Thursday, June 3, 2010

Been Away for a While

It's been a while since I've posted, almost two weeks!  I have spent a lot of time trying to write a post about Jane Rochford but I just can't figure out exactly what I want to say.  I have been bored with the Tudors lately, Henry is married to Katherine Parr, and his complacency is boring.  I know it's about to get more exciting with a protestant burning and I am beyond absolutely beyond thrilled that Anne Boleyn is back and talking to Elisabeth in the last episode, how amazing!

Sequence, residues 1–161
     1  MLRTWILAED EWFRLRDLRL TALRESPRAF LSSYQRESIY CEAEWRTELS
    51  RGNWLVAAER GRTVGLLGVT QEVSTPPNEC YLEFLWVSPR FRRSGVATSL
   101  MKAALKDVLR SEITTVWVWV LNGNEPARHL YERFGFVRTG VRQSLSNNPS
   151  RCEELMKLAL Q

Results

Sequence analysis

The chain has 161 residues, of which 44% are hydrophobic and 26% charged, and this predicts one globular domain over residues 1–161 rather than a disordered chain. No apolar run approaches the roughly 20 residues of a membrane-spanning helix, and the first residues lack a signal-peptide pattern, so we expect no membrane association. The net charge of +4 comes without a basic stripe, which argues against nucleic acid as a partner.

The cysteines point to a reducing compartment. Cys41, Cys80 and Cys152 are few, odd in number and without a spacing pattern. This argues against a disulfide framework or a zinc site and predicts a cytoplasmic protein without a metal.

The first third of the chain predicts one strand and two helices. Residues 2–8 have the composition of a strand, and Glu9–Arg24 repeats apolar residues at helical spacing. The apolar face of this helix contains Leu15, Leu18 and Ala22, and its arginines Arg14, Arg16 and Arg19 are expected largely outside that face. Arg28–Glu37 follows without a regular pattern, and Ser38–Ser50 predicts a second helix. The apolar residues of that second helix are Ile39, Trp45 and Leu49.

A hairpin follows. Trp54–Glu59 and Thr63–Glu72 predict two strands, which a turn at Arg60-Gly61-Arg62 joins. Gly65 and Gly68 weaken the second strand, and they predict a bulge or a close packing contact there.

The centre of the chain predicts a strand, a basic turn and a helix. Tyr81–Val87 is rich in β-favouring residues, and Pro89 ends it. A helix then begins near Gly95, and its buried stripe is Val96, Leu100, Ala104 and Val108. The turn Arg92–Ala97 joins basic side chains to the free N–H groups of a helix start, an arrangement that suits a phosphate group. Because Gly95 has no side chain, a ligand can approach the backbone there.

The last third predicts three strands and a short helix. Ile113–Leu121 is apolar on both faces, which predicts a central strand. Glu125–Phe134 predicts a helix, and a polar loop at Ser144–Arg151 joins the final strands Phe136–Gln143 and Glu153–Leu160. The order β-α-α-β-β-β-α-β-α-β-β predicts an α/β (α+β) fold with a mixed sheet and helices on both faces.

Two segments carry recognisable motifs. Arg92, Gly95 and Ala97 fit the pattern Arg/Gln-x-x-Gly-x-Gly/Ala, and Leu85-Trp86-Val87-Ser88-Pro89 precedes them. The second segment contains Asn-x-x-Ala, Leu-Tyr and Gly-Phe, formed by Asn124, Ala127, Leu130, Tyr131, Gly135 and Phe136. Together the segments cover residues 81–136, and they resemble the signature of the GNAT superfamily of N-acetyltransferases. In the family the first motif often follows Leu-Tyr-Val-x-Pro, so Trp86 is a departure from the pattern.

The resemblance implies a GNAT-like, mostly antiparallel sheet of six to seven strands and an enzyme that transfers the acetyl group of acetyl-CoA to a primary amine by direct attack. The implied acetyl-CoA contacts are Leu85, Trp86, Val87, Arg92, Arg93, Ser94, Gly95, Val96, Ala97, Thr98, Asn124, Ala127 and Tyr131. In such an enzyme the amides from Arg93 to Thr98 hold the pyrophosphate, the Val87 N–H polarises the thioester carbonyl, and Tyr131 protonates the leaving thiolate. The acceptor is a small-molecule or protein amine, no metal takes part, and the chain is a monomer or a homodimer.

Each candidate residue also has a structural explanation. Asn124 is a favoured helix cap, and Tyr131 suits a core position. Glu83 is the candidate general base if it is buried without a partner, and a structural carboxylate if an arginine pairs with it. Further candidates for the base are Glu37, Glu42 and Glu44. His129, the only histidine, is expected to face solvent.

I am looking at going on a trip next year called "The Anne Boleyn Experience" and I am so excited!  I will update again when I get something good written.  Check out the video below, Thomas Wyatt's poem "These Bloody Days" runs throughout it.  It is beautiful and sad and heart wrenching because he did love those who died so, especially Anne and he watched them all die.  Survivor's guilt probably killed Henry Percy, he died not long after Anne.  Perhaps Thomas's poetic soul allowed him to vent his grief and kept him from an early grave.  Regardless, the sadness is palpable in his words.  Hearing them read aloud by his character from "The Tudors" makes it even more powerful.  What a beautiful soul he had.